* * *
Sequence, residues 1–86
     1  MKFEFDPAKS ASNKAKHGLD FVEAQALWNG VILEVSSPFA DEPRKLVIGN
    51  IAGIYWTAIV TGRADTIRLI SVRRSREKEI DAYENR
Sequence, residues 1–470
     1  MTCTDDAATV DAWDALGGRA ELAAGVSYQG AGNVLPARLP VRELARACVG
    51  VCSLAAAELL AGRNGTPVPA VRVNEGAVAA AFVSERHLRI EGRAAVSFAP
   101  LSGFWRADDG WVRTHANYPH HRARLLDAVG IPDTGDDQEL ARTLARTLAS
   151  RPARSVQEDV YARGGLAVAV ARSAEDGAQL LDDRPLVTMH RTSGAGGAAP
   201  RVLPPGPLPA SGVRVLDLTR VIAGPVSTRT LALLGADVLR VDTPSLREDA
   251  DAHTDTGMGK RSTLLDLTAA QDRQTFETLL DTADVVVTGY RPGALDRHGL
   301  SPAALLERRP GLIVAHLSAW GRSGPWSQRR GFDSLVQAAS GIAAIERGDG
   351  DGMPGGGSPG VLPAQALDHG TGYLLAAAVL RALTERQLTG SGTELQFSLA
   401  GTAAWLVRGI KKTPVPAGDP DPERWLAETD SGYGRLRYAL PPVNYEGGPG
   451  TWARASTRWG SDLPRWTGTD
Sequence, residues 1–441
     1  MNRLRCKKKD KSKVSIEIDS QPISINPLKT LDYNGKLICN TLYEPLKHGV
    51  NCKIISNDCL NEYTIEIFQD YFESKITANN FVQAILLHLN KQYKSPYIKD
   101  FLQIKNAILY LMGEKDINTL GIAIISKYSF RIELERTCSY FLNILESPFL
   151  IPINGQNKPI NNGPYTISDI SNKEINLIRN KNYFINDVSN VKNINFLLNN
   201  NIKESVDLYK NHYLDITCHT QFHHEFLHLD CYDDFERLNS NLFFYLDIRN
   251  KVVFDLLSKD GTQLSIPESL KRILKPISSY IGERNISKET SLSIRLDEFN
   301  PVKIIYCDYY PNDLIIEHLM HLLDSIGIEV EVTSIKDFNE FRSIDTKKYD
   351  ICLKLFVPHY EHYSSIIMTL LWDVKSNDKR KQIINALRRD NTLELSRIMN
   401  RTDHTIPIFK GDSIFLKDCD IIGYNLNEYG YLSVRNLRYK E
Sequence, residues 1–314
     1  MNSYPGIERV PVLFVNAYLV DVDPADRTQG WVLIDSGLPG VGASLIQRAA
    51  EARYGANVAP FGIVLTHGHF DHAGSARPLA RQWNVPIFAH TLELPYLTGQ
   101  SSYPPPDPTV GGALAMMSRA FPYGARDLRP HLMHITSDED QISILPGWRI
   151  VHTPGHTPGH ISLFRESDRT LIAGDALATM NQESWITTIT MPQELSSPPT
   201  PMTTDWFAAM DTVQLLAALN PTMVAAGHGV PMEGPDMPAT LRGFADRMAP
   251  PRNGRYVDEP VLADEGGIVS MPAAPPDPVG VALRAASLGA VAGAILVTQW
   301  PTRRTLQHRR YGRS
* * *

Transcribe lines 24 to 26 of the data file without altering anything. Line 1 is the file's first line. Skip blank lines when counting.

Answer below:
   401  RTDHTIPIFK GDSIFLKDCD IIGYNLNEYG YLSVRNLRYK E
Sequence, residues 1–314
     1  MNSYPGIERV PVLFVNAYLV DVDPADRTQG WVLIDSGLPG VGASLIQRAA